“For the things we have to learn before we can do them, we learn by doing them.” – Aristotle
At Compass, we are big fans of analogies. A great way for students to understand the preparation process is to compare the official test to an important sports match, performance, or concert. Just as we would not expect a pitcher to throw a perfect baseball game after a brief warm-up (or a singer to flawlessly perform an aria after learning a few scales), we do not expect students to reach their peak test scores after reviewing a handful of math and grammar problems. It is very important for students to “play the full 9 innings” and have realistic “dress rehearsals” before sitting down on test day for the real thing.
One of the best things a student can do to prepare for an official test is to take a full-length proctored practice test. Compass offers regular weekend practice tests throughout our service areas in Northern and Southern California. College admission tests offered include the PSAT, SAT, ACT, and SAT Subject Tests. For students in remote locations, we offer tests with detailed self-proctoring instructions and easy scoring through our online portal. At our proctored events, students benefit from experiencing the tests in a realistic environment, surrounded by peers. Although it can be helpful to complete a practice test section at home or with a tutor, the exercise is not nearly as instructive as completing a 3 to 4-hour test in a simulated testing environment.
In addition to providing students with a practice opportunity, Compass’ practice tests give valuable diagnostic information about a student’s starting point and a realistic range of improvement. Each completed test comes with a detailed score report, which displays question types, the student’s responses, and the correct answers. Our score reports let students and tutors zero in on areas of weakness in order to maximize prep time before the big day.
To recap, here are the top 5 reasons practice tests are so important for students:
1. Building Stamina
College admission tests are long! They are events that require prolonged, focused attention and stamina. Taking practice tests helps students to build the resilience necessary to perform well on test day.
2. Putting It All Together
While practicing grammar and math problems separately is great, it is valuable to put all of your tools and strategies together in the same sequence you will implement during test day. Are you mentally ready to switch from English to Math or from Reading to Science when the clock is ticking? Use practice tests to learn how to transition between subjects with ease.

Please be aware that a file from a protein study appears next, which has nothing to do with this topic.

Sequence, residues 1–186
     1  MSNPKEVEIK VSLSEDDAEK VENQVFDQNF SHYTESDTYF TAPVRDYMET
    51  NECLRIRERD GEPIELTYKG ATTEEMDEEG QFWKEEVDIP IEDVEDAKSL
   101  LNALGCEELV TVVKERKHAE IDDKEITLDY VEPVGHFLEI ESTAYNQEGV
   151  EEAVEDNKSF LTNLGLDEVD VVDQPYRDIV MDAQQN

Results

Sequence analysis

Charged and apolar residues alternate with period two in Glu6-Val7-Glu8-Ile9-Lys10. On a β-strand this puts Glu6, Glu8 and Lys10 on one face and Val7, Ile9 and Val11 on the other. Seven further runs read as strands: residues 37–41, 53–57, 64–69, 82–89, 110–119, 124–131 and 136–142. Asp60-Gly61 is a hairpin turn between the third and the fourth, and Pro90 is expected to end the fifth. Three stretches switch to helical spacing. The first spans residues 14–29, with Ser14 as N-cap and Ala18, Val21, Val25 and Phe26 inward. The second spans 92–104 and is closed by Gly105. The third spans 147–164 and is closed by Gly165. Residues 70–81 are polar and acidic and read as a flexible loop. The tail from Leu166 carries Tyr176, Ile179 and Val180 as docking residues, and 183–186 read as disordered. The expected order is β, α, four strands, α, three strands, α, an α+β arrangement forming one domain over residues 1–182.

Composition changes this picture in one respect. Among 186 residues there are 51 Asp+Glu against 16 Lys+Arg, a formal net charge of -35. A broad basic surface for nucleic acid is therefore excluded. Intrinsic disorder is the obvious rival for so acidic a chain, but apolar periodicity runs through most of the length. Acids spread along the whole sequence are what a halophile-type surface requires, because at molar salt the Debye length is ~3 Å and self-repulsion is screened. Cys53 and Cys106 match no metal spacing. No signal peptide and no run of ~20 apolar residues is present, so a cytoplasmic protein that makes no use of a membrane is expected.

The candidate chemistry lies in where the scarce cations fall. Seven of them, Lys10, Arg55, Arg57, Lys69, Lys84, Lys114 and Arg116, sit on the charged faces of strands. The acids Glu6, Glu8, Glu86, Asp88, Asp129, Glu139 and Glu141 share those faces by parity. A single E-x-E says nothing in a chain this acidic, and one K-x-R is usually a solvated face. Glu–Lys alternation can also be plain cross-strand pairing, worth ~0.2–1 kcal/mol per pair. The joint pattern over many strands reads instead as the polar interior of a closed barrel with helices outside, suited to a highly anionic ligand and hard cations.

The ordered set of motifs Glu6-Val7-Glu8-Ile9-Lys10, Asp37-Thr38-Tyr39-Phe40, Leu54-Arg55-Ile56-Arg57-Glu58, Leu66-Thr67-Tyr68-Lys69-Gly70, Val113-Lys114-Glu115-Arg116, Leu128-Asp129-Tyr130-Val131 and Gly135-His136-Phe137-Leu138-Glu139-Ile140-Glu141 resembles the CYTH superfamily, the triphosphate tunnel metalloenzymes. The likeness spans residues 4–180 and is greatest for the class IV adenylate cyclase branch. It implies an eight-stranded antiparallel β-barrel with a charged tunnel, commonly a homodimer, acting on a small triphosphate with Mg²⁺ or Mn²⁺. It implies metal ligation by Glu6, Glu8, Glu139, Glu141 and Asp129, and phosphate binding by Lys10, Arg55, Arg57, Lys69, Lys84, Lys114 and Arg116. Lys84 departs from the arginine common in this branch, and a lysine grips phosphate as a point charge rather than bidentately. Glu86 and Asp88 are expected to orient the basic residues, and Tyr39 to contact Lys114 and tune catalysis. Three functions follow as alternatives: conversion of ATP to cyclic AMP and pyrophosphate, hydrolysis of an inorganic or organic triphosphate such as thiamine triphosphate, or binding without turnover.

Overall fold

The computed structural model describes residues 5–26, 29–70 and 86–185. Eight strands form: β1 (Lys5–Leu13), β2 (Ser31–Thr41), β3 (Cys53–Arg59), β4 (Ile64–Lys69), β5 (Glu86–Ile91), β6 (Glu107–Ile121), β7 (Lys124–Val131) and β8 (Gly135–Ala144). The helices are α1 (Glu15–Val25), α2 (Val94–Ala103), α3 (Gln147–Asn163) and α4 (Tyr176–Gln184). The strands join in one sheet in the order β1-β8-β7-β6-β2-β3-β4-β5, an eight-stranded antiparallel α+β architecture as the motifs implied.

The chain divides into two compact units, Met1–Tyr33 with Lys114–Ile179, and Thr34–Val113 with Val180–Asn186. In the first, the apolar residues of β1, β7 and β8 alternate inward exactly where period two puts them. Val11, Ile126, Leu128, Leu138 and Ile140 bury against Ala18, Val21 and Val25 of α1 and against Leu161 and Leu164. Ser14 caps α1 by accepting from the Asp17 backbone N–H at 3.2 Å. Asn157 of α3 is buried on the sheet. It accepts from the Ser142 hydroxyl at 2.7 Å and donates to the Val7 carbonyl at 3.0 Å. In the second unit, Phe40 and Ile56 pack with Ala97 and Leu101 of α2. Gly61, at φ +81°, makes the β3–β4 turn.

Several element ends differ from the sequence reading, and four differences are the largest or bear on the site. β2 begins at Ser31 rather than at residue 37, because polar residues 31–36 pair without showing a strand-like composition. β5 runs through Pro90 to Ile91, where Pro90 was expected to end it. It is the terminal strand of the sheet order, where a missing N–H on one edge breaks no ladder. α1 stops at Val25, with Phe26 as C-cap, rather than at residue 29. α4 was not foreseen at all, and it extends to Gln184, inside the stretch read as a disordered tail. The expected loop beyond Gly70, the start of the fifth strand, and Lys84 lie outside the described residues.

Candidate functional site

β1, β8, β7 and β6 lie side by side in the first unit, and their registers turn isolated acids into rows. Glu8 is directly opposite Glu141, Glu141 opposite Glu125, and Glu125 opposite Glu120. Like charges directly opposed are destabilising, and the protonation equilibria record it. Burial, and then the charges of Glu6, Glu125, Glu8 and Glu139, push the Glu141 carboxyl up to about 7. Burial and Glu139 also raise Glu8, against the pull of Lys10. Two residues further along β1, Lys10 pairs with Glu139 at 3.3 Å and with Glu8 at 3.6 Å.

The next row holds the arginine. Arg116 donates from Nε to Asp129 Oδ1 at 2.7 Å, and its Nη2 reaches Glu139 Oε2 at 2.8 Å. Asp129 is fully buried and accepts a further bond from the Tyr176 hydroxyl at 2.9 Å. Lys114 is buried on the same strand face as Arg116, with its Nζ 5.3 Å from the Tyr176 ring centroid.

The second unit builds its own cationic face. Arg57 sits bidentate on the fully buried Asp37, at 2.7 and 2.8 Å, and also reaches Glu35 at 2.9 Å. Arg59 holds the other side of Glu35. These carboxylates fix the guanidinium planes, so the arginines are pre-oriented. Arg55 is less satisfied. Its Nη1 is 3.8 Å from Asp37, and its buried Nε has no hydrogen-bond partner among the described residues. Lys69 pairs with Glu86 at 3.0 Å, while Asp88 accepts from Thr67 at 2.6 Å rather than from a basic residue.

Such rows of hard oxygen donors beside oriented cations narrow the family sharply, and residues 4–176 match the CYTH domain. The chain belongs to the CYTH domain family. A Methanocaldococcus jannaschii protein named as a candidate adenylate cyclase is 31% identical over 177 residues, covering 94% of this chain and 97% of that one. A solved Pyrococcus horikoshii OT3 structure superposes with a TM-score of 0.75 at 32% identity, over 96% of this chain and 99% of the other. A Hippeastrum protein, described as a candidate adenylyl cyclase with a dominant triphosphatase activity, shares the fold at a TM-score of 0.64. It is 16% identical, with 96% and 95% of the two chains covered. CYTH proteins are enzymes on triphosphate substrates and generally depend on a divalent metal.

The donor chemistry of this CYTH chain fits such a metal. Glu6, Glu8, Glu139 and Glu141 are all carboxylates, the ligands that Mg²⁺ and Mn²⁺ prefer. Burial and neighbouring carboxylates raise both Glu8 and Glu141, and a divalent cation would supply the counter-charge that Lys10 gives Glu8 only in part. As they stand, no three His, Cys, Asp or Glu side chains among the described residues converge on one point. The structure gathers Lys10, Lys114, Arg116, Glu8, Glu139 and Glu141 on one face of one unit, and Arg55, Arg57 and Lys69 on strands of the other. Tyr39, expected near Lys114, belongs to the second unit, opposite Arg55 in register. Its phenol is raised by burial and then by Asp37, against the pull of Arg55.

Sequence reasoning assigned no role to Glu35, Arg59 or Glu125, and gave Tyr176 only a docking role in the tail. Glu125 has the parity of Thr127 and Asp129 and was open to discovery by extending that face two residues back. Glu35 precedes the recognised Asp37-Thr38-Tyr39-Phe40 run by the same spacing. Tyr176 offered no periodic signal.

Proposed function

3. Preparing for Extremes
Sometimes test day conditions are less than ideal: the room is hot; there’s construction outside; you can’t see the clock; the person next to you is fidgeting. By the laws of nature, these things can happen during practice tests too. If your first experience with something unexpected happens during a practice test, you’ll be better equipped to expertly handle whatever may come your way during the official sitting.
4. Obtaining Valuable Diagnostic Information
Get a question-by-question breakdown of what went well and what could be improved to help you focus your studying prior to the official test. For example, do you consistently miss questions about pronoun usage and geometry? With that knowledge, you can now calibrate your test preparation to highlight these areas of weakness.
5. Practice Tests Are FREE
Your first practice test with Compass is totally complimentary. After experiencing the test firsthand, you can review your results with a Compass Director and determine a plan of action that meets your specific score goals. Students who work with Compass have access to unlimited proctored practice test opportunities, which form the cornerstone of any test prep program.
If you would like to take advantage of a free proctored practice SAT, ACT, PSAT, or SAT Subject Test – and obtain a detailed analysis of your performance – contact a Compass director to reserve a space at a location that is convenient for you.